As the Facebook–Cambridge Analytic scandal enters its third week, the #DeleteFacebook campaign is gaining momentum.
And now big brands are joining in.
Last Friday, Elon Musk’s Tesla and SpaceX deleted their Facebook pages, and only this week Playboy announced it was deleting all of its Facebook pages.
The Facebook–Cambridge Analytic scandal is complex, but the simplified version of it is Facebook allows third-party apps to harvest user data when a user subscribes to those apps.
But the user data Cambridge Analytica obtained via a third-party app didn’t only contain information about the users who allowed the app to access its data.
That app also passed on information about the friends of the users who opted into the app.
That means at least 50 million Facebook users had their data given to Cambridge Analytic without their permission.
And therein lies the problem: even if you don’t opt into sharing your information with a third-party Facebook app, that doesn’t mean the app’s developers won’t get information about you.
All they need to do is have a friend opt-in and in many instances, they get data about all of that user’s friends as well. Of course, you can’t stop your friends from using third-party Facebook apps, but you can review all the apps that have access to your Facebook data and cut them off.
All you need to do is follow the steps we’ve outlined below.
#1 – Log into your Facebook account.
#2 – Click the down arrow in the upper-right-hand corner to show the menu option.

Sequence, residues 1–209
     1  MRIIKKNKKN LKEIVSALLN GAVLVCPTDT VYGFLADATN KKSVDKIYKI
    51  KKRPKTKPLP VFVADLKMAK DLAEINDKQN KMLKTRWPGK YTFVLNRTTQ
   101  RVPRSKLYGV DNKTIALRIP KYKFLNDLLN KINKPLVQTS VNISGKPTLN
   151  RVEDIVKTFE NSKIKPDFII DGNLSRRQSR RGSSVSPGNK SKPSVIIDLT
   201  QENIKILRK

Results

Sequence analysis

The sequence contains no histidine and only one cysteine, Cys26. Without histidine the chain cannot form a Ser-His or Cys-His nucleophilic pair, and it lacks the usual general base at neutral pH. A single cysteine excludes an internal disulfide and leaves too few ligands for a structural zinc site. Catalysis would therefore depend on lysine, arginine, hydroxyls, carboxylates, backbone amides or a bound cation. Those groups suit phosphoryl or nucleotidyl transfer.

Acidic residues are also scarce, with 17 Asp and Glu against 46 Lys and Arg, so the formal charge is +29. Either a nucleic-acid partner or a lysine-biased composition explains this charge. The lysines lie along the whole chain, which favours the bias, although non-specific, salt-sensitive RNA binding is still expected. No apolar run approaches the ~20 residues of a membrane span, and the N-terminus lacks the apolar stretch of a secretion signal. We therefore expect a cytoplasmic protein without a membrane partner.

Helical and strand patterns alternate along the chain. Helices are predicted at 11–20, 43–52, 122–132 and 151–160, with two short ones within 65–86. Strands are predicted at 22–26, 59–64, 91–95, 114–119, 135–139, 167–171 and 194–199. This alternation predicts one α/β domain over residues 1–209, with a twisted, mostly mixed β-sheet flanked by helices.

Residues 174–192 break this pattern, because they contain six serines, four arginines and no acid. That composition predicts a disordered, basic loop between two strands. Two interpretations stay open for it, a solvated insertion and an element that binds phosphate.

#3 – On the Setting page, click “Apps” from the sidebar. On this page, you’ll find a list of all the third-party apps you’ve logged into using your Facebook account. The word “apps” here can be a bit misleading, as this list includes websites that you’ve loved into using your Facebook account. No matter if it’s app or website, logging into one gives that entity access to your Facebook data.
#4 – Next to each app, you’ll see a pencil and an X icon. These let you see and edit the data an app has access to or cut off the app’s access to that data. Click the pencil to see an edit the data an app has access to.
#5 – As you can see, some apps have access to a scary amount of data about you. To limit this data gathering by the app without deleting the entire app, uncheck any of the blue buttons next to the data.
#6 – But if you don’t want to just remove the app’s access to some of your data, and cut it off entirely, from the Settings>Apps screen click the X button next to the app.
#7 – A popup window will appear asking you if you are sure you want to remove the app. If the app has the ability to post to your Facebook timeline on your behalf, you’ll also be presented with a checkbox you should check if you want to delete all of the app’s posts.
#8 – Now, click Remove and you’ll have cut the app’s access to your Facebook data off for good.
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